By Michael Titus
Here is an all-too-common sight in a middle school hallway. One of my students, Emma, was eating a bag of pretzels in the hallway. She was approached by a teacher who has seen Emma break the 'no eating in the hallway' rule too many times. Emma was reprimanded. The interaction escalated when Emma refused to give up her snack and became defiant towards the teacher. The altercation ended in detention for Emma and frustration for the teacher.
Students break many rules for many reasons: power, disrespect, revenge, absentmindedness. But in my experience, students violate snack-and-food policies for one reason only: they are hungry and our policies prevent them from meeting one of their most basic needs.
I teach in a semi-urban school with a poverty rate of just under 50 percent. This means that there is a good possibility that every morning at least half of our students come into the building hungry. In the name of "wellness" policies, our schools and districts have implemented plans that can be incredibly exclusive to our students in poverty. By limiting when and how much our students can eat, we are preventing a student from getting the nourishment they need to succeed.
That is why I have instituted an Anytime Snack Policy for my classroom. I did not present the policy as a way of helping disadvantaged students. Rather, the policy acknowledges the basic fact that kids get hungry and need food to make it through the day. A key aspect of the policy is requiring snacks be healthy. If a snack is deemed not to be so, I encourage the student to discuss with me after class how the snack might have hurt their academics that day and what other choices he might have made. And I make sure that my students get a chance to regularly see options for healthy eating, including the snacks that the adults in my school eat.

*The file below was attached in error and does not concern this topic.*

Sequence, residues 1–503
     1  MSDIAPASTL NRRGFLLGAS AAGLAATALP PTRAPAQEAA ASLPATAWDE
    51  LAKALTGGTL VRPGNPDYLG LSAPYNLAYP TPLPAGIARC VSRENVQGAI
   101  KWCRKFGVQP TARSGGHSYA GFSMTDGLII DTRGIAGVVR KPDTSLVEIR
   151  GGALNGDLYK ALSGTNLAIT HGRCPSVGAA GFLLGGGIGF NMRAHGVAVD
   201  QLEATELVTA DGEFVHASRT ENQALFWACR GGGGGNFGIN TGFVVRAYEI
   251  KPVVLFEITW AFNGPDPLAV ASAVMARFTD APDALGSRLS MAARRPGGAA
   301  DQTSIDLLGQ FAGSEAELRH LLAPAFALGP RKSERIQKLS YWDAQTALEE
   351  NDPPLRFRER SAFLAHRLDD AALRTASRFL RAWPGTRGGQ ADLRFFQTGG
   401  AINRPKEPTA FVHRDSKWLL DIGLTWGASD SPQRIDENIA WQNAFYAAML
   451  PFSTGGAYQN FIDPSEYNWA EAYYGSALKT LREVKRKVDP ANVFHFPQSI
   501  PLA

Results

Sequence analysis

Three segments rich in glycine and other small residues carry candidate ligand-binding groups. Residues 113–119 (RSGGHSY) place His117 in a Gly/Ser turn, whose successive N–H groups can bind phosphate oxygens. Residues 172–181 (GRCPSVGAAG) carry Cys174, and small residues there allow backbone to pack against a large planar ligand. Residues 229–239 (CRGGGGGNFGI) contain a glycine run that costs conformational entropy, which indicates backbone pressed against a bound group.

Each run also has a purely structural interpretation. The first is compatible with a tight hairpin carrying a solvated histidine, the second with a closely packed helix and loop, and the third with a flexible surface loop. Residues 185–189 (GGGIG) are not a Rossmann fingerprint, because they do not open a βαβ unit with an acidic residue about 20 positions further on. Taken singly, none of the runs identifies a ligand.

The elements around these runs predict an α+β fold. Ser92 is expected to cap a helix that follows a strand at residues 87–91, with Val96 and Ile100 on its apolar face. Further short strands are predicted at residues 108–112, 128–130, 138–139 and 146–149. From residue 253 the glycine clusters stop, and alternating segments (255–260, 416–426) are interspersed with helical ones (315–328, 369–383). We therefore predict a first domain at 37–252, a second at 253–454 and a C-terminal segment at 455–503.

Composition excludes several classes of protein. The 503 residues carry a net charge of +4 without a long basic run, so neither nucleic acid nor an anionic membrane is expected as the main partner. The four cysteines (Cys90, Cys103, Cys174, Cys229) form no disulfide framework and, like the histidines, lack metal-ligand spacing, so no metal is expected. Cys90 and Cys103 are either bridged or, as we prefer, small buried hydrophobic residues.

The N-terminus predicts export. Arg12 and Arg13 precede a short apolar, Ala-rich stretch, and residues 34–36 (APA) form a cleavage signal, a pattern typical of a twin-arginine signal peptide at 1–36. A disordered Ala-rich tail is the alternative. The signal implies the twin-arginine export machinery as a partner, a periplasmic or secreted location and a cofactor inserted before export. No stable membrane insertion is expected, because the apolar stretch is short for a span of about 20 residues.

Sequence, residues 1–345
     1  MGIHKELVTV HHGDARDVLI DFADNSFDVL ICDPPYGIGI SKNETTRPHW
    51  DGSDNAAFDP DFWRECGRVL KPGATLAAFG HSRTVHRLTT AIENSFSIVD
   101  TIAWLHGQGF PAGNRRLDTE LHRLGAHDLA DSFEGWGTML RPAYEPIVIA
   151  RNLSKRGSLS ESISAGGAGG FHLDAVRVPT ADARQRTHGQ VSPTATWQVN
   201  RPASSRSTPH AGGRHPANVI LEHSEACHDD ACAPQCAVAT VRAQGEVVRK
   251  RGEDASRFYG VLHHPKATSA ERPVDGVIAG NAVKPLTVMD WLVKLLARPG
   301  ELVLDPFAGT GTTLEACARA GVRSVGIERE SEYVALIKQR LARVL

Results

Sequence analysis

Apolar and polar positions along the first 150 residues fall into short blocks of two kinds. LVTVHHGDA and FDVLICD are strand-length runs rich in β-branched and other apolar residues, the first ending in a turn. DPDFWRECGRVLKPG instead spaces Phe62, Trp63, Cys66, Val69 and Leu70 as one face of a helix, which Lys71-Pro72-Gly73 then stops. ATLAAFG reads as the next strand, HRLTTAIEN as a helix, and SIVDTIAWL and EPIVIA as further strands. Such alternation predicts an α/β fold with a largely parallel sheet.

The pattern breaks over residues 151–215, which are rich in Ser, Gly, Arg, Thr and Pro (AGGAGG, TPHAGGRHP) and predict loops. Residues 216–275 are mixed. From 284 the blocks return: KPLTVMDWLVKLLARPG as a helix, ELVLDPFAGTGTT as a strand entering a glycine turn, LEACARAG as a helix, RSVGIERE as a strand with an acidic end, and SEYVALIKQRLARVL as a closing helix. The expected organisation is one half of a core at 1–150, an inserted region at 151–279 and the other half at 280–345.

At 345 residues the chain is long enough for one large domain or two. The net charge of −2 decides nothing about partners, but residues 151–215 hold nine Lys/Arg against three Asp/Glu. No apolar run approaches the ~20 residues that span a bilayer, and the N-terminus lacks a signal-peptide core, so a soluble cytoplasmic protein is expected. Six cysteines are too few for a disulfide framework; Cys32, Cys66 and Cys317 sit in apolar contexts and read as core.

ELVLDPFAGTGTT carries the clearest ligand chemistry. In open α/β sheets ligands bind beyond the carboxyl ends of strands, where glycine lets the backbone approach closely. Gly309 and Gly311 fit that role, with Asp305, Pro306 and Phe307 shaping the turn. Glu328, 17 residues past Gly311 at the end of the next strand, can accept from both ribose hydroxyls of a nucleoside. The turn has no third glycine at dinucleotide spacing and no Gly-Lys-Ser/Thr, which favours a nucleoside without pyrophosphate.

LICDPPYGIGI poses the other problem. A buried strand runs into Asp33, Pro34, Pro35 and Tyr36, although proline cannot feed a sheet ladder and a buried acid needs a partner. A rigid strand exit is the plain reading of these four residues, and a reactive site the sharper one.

By creating a space for discussion, I've tapped into my students' natural inquisitiveness about food. My dried mango slices regularly receive a "What's that?!" reaction. They can then try them and realize they have an alternative to gummy fruit snacks. Of course, kids will be kids - an energetic scholar, David, recently asked me "Can I eat this apple pie?" Knowing I would answer no, he retorted "But it's organic!" In that moment everyone got a good laugh, but I also could see that my students were beginning to internalize the lessons the policy is aimed to teach. These conversations have been incredibly meaningful to our relationships, especially my relationship with my most at-risk students. In school, snacks are often banned because of the distractions they can cause, yet I am experiencing the opposite.
Research shows that children in poverty do not typically suffer from undernourishment. In fact, students in poverty tend to have higher rates of obesity than their more financially stable peers. The real issue is a lack of knowledge around what to eat and why certain foods are healthy. My policy aims to open up the discussion about healthy foods to all students so that they can lead long, healthy lives.
The policy may seem like a no-brainer, yet I have spoken with many educators from other districts whose students face the same challenges as mine but are steadfast in their belief that an Anytime Snack Policy would violate their district's wellness policy. One teacher told me that her district's policy is so extreme that any and all food consumed by students must be done in the cafeteria. This means time off of learning. More practically, students probably aren't eating enough.
As teachers, we can often feel that policy is something that happens to us which, in turn, can feel disempowering. But imagine if that policy prevented you from meeting your basic needs as a human being. We need to remember that everyday we walk into our classrooms, we are the policymakers in our students' lives. I encourage all educators to take an honest look at their classroom and district wellness policies and ask whether these are inclusive enough to ensure that students like Emma do not learn hungry. It is only when students have the necessary fuel in the tank to meet the demands of a rigorous and thought-provoking education that they have a chance for success.
Michael Titus is a 7th grade English Language Arts teacher at Collins Middle School in Salem, MA, and a Teach Plus Commonwealth Teaching Policy Fellow.